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10 - CATH ARINE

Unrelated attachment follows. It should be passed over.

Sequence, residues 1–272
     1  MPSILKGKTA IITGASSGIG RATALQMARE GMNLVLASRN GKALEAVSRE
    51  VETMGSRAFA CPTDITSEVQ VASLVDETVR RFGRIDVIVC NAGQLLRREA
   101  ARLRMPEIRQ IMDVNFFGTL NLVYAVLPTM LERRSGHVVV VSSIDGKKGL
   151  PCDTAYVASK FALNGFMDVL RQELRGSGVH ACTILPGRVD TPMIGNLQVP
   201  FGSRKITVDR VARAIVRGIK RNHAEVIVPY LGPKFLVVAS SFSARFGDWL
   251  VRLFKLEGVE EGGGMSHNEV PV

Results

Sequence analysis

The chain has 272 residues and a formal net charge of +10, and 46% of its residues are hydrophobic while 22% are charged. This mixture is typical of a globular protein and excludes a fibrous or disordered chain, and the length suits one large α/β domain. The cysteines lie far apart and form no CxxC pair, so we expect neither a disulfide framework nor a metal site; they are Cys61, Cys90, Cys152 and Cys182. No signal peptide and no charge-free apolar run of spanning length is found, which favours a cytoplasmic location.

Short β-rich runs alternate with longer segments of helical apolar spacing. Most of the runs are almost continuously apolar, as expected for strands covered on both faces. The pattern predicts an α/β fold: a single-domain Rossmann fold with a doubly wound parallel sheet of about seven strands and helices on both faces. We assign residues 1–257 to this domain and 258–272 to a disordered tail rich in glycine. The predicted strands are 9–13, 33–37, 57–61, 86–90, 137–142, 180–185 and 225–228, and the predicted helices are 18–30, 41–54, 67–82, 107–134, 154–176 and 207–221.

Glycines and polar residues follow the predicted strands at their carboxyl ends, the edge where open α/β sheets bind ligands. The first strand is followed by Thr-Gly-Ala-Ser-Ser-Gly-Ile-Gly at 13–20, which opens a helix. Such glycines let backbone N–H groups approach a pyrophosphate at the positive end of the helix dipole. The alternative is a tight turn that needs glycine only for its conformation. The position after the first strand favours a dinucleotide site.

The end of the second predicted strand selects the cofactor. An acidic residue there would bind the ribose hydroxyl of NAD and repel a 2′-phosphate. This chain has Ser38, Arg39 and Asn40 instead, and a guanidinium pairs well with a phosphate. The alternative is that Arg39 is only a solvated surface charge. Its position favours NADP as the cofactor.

superstition, she disliked the Protestants, chiefly because their principles were opposed to the absolute despotism which she j to maintain. Yet she sought to rally the Protestant leaders around the throne in order to serve as a counterpoise to the Guises. This attempt having failed, and the civil war which ensued having ended in the peace of Amboise, highly favourable to the Protestants, she became alarmed at the increase of their power, and entered into a secret treaty with Spain for the extirpation of heretics; and subsequently into a plot with the Guises, which resulted in the fearful massacre of St Bartholomew's Day. This event brought the whole power of the state into the hands of the queen-mother, who boasted of the deed to Roman Catholic governments, and excused it to Protestant ones, for she now managed all the correspondence of the court. . About this time she succeeded, by gold and intrigues, in getting her third son, afterwards Henry III., elected to the Polish throne. But her arbitrary and tyrannical administration roused the opposition of a Roman Catholic party, at the head of which was her own fourth son, the Duke of Alençon. It was very generally believed that she was privy to the machinations that led to his death. hen, after the death of Charles IX., Henry III. returned from Poland to be king of France, his mother still ruled the court, and had the principal share in all the intrigues, treacheries, and political transactions of that wretched time. aving betrayed all who trusted them, she and her son found themselves at last forsaken and abhorred by all. The League and the Guises had no more confidence in them than had the Protestants and Henry of Navarre. Vexation on this account preyed on the proud heart of the queen-mother, in her last days; and amidst the confusion and strife of parties, she died at Blois on 5th January 1589, unheeded and unlamented. Catharine de' Medici may fairly be regarded as a representative woman of an age when the first principles of human conduct were, hopelessly con; founded by religious strife, and the intrigues and corruptions of courts. Virtue had given place to luxury, extravagance, cunning sensuality, and cruelty. She was only a o example of qualities which the prevailing conditions of the time tended to develop. See Reumont's Jugend Caterinas de' Medici (Berlin, 1854), T. A. Trollope's Girlhood of Catharine de' Medici (1856), Capefigue's Catherine de Médicis (Paris, 1856), and La Ferrière's Lettres de Catherine de Médicis (2 vols. Paris, 1880–85). Catharine I., wife of Peter the Great, and Empress of Russia. She was a peasant's daughter, and her original name was Martha Skavrouska. The date of her birth is about 1680. , Being left an orphan, she was brought up chiefly by a Lutheran pastor, Glück, in Marienburg, Livonia. In 1702 she married a Swedish dragoon, but Marienburg being taken by the Russians in the same year, she was made prisoner, and became the mistress of Prince Menschikoff. She then attracted the notice of Peter the Great. In 1703 she went over to the Greek Church, and took the name of Catharina Alexievna. After being for some years the emeror's mistress, she was privately married to him in 1707; and the marriage was publicly avowed in 1711. When Peter the Great and his army seemed entirely in the power of the Turkish army on the Pruth in 1711, Catharine, according to the common account, managed by skilful bribery to procure the deliverance of the Russians. Catharine was now received into greater favour than ever, and was solemnly crowned in 1712. The story, however, does not rest on sufficient evidence. . At anyrate Catharine continued to enjoy her high position till the death of Peter in 1725. The new party con